Little Pill 2022-05
“Side effect” is a question every patient asks the pharmacist when a new medication is prescribed. Patients seek help for their illness will trust that their doctors for the medications prescribed; but there are situations where doctors prescribed medications for what appears to be no clear indications when patients have no complaints. Patients receive information sheets and documented side effects is more alarming than efficacy which trigger them to doubt, “why am I taking the medication when I have tolerable or no symptoms at all.” Hence, pharmacists always explain the proper ways to take the medicine and how to minimize side effects to ensure compliance. They also alert patients of major side effects and cautionary interaction with other medications or food.
Side effects occurrences can be temporary, or for an extended period of time; and the reactions can happen immediately or delayed. For the temporary side effects, our body can adjust within a brief period and cope with these effects slowly. Unpleasant effects can also be an expression of the effectiveness of the medicine. For example, medications that lower blood pressure or control irregular pulse would result in symptoms such as tiredness, dizziness, weakness etc. This drug-related reaction is secondary to lower blood pressure or regulated pulse which is the intended efficacy. These side effects will gradually disappear once the body get used to the normalized condition. Unfortunately, some patients are so used to the symptoms that they are not aware of their medical condition until seen by the family doctor with elevated blood pressure. Hence, they are reluctant to take the medications whether they experience the side effects or not. They do not realize that high blood pressure and arrhythmia could lead to severe consequences like heart diseases or strokes.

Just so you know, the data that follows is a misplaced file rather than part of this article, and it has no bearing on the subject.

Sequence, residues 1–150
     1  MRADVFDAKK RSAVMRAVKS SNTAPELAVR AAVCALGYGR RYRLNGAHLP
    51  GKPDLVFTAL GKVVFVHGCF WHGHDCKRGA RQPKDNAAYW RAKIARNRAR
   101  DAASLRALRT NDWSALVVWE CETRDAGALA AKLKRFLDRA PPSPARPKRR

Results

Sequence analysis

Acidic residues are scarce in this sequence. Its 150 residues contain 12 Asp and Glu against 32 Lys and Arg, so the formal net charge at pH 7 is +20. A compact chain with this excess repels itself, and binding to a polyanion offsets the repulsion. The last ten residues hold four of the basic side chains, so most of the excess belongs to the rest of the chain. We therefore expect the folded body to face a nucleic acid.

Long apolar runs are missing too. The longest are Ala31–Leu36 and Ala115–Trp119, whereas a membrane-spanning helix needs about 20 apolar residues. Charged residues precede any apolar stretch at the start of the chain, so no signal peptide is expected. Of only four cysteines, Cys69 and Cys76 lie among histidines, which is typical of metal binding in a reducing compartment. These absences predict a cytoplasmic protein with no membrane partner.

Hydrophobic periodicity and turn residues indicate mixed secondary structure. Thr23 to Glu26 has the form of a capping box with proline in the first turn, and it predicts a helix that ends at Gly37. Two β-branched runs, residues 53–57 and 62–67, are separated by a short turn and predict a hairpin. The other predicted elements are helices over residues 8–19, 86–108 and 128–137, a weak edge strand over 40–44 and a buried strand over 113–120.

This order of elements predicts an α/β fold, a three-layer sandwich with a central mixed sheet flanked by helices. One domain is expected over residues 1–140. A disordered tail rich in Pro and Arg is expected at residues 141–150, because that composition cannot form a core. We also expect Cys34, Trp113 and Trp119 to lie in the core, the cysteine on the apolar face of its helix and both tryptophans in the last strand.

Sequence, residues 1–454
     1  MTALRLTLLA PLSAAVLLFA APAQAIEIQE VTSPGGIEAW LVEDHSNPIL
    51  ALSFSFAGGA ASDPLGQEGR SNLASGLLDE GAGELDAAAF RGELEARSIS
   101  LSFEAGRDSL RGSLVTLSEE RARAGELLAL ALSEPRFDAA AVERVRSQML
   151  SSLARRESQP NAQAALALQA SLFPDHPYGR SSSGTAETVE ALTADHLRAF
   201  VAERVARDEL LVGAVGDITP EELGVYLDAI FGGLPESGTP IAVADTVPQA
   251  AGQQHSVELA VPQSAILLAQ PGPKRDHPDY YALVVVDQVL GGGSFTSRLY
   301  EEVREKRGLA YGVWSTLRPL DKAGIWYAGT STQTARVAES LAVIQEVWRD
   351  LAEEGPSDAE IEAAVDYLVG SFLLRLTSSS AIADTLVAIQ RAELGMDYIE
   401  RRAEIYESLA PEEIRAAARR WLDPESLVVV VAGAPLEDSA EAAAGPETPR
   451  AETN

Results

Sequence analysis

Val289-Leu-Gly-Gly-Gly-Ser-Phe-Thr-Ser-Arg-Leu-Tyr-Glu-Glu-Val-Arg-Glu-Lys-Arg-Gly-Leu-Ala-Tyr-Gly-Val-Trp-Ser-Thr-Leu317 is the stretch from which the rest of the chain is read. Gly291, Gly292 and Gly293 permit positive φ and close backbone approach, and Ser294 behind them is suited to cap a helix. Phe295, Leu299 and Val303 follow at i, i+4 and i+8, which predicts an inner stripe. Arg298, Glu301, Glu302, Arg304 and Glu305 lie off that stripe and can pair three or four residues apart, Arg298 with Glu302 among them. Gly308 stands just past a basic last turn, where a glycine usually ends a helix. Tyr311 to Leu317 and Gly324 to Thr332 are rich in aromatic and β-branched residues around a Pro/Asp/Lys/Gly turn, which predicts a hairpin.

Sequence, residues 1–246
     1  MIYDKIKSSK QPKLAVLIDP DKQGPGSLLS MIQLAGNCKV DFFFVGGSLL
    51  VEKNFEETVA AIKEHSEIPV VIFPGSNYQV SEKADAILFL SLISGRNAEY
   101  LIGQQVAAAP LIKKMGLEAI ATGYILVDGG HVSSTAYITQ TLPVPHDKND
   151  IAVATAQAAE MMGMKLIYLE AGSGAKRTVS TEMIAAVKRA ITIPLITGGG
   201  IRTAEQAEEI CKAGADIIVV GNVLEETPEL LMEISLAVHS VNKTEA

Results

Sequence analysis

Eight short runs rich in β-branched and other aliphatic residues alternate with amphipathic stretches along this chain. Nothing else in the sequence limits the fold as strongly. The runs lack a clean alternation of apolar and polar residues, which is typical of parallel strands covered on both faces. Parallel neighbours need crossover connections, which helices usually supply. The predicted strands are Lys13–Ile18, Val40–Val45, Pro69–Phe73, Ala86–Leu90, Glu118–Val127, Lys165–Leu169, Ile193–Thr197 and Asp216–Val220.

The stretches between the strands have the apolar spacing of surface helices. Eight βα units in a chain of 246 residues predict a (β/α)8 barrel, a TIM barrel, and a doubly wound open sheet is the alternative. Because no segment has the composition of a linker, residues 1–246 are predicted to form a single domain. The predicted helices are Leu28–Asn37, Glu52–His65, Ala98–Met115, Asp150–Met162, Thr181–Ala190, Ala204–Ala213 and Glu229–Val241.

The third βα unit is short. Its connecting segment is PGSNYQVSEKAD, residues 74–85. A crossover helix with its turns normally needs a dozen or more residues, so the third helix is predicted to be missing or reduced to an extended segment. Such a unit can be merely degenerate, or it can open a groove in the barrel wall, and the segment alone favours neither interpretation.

There was a case of a 40 plus year old man admitted to the hospital with heart attack. His doctor had advised him to take the anti-hypertensive medication, but he stopped using it because of its side effects, which in turn led to his heart attack. Stop taking the medication is not a solution to manage side effects. Some medications are only needed to be taken for a brief period of time when used to treat certain illnesses or when needed to ease symptoms. If patients would discuss with their doctors to better understand their medical conditions and signs of efficacy with side effects of the medications, side effects can be lessened with modifications. I work as a pharmacist in the hospital orthopedics unit. When patients are discharged after surgery to recover at home, they usually receive four to five prescribed medications, with at least two to four of them being pain killers. Some patients experience upset stomach, nausea, and decrease appetite after taking pain killers(analgesics), and as a result, they choose not to take analgesics and unable to follow proper rehabilitation exercise recommendation because of uncontrolled pain. Inactivity secondary to pain place them in substantial risk for developing blood clots and subsequent life-threatening conditions and re-admission to hospital have occurred for this reason.